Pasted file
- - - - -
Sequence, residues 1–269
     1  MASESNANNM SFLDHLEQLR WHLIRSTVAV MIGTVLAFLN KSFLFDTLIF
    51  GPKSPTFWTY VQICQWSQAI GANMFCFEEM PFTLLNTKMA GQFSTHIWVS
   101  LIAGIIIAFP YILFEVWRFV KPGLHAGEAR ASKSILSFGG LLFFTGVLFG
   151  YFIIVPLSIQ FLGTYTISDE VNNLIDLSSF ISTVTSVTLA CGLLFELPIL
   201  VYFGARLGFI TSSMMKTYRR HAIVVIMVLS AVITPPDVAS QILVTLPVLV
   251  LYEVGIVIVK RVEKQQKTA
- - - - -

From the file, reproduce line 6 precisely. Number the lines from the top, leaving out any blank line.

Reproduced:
   201  VYFGARLGFI TSSMMKTYRR HAIVVIMVLS AVITPPDVAS QILVTLPVLV